SPACECRAFT TRAJECTORY (concatenated trajectories from GSFC FDF):

For the time-span 1998-Aug-19 to 1998-Sep-25, there is no official trajectory information due to the recovery effort. Therefore, the initial state at resumption of operations 1998-Sep-25 was integrated back to August 19 assuming a purely ballistic trajectory. Trajectory errors during this interval may be significant due to unmodelled dynamics.

Trajectory name Start Stop


soho_1995 1995-Dec-02 1996-Jan-01 soho_1996 1996-Jan-01 1997-Jan-01 soho_1997 1997-Jan-01 1998-Jan-01 soho_1998a 1998-Jan-01 1998-Aug-19 soho_1998a-b_gap 1998-Aug-19 1998-Sep-25 (ballistic filler) soho_1998b 1998-Sep-25 1999-Jan-01 (recovery of contact) soho_1999 1999-Jan-01 2000-Jan-01 soho_2000 2000-Jan-01 2001-Jan-01 soho_2001 2001-Jan-01 2002-Jan-01 soho_2002 2002-Jan-01 2003-Jan-01 soho_2003 2003-Jan-01 2004-Jan-01 soho_2004 2004-Jan-01 2005-Jan-01 soho_2005 2005-Jan-01 2006-Jan-01 soho_2006 2006-Jan-01 2007-Jan-01 soho_2007 2007-Jan-01 2008-Jan-01 soho_2008 2008-Jan-01 2009-Jan-01 soho_2009 2009-Jan-01 2010-Jan-01 soho_2010 2010-Jan-01 2011-Jan-01 soho_2011 2011-Jan-01 2012-Jan-01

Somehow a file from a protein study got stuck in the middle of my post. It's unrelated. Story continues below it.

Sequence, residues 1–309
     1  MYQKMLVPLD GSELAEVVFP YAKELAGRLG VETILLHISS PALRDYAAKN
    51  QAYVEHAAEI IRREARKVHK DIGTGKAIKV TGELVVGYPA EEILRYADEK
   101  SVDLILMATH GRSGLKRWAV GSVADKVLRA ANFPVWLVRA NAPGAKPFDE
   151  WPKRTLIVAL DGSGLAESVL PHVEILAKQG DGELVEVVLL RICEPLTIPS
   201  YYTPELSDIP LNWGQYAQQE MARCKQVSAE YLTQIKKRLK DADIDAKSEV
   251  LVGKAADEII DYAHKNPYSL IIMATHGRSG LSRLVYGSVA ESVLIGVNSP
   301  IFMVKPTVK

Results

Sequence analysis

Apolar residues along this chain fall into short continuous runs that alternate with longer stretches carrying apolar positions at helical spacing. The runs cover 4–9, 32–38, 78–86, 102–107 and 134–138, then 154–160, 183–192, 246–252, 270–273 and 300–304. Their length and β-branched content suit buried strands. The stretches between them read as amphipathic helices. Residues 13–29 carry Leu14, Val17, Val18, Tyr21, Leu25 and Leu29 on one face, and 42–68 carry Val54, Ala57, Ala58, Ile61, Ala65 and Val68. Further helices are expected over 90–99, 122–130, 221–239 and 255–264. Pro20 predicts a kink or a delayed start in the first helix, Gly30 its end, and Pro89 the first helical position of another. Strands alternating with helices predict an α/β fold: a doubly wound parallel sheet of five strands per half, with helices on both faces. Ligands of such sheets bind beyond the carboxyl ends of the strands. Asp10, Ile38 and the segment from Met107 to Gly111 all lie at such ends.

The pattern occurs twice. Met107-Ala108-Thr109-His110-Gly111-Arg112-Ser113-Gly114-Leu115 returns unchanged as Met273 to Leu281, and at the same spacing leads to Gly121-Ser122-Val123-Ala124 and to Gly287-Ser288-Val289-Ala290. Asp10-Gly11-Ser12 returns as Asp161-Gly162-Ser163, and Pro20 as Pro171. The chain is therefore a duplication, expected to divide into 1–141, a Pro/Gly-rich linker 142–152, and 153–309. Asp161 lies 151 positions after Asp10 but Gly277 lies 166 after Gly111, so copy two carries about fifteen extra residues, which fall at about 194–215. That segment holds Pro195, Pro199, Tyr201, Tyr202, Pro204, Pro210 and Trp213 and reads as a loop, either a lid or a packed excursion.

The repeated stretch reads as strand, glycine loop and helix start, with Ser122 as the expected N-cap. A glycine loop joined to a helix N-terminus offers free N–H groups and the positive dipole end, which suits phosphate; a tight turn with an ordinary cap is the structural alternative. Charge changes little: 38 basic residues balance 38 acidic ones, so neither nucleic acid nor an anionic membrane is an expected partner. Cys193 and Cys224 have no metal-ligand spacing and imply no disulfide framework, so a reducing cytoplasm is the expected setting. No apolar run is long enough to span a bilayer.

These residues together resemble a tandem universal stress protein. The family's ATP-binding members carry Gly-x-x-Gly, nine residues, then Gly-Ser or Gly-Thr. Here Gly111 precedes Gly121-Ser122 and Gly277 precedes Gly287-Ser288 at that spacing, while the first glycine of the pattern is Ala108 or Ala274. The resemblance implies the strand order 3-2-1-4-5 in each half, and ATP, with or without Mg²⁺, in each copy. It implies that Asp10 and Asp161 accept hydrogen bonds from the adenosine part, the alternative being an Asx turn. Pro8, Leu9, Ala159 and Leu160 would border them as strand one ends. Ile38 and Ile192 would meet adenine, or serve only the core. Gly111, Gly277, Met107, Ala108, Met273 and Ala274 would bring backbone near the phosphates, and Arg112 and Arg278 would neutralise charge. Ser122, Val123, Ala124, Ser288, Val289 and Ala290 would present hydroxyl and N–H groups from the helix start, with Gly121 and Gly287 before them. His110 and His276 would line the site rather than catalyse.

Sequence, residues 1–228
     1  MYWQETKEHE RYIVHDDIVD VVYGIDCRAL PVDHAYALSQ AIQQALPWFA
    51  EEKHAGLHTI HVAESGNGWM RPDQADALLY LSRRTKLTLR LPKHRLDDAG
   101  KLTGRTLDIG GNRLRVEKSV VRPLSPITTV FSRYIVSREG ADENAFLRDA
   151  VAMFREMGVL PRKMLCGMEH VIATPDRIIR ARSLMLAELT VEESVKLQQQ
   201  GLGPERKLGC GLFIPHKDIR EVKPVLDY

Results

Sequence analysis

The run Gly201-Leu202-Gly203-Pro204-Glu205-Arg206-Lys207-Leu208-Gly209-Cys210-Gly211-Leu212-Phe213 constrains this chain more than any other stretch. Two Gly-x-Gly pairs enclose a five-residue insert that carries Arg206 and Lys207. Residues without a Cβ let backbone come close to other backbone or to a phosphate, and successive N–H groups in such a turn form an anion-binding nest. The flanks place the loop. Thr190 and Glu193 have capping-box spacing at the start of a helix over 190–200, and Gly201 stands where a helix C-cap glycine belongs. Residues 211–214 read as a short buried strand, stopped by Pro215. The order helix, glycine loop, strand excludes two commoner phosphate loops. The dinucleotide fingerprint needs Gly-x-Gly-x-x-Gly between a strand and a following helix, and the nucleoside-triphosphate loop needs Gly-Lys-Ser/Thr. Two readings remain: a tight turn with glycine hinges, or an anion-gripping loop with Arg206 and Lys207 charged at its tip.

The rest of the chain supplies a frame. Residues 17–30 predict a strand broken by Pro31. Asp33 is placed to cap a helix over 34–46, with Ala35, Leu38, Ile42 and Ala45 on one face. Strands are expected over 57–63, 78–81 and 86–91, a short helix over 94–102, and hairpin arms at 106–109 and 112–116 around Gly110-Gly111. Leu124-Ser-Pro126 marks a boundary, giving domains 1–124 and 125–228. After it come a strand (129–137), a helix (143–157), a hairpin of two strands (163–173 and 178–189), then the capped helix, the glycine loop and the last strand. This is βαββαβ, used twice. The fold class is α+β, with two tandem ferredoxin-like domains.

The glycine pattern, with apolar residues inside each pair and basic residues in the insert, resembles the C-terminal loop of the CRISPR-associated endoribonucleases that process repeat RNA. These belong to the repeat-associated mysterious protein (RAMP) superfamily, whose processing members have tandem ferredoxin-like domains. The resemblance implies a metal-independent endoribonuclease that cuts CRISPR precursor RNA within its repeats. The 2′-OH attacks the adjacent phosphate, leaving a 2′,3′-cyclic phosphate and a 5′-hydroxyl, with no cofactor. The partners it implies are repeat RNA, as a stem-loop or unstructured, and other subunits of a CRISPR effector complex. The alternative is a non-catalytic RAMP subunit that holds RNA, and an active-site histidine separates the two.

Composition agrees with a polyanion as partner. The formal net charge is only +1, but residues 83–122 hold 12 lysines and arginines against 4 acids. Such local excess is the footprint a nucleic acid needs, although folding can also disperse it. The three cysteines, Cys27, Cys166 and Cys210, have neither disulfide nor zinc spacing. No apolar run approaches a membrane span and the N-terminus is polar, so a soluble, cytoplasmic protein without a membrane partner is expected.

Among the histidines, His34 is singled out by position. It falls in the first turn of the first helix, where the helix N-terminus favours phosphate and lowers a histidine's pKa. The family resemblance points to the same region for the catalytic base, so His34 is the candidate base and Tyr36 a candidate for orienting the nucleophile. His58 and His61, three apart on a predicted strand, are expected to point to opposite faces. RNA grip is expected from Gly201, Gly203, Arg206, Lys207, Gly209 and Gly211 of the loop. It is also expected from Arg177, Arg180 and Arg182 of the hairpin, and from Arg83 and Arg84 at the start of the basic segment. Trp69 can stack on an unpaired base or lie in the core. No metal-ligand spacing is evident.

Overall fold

soho_2012 2012-Jan-01 2013-Jan-01 soho_2013 2013-Jan-01 2014-Jan-01 soho_2014 2014-Jan-01 2015-Jan-01 soho_2015 2015-Jan-01 2016-Jan-01 soho_2016 2016-Jan-01 2017-Jan-01
soho_2017 2017-Jan-01 2018-Jan-01 (prediction Dec20-Jan01) soho_2018 2018-Jan-01 2018-Dec-03 (prediction after Sep 9)

Code blocks formatting does not present information more clearly than either a block quote, a list, emphasis, or any combination of them.

Really?

Remember recommendation number 3:

  1. Avoid making work for others (you are not others). In other words, unless there's a compelling documented reason why users have to do things the hard way, there should not be a rule insisting that they are.
$\endgroup$
1
  • 1
    $\begingroup$ Comments are not for extended discussion; this conversation has been moved to chat. $\endgroup$
    – Rory Alsop Mod
    May 30 at 15:25

You must log in to answer this question.

Not the answer you're looking for? Browse other questions tagged .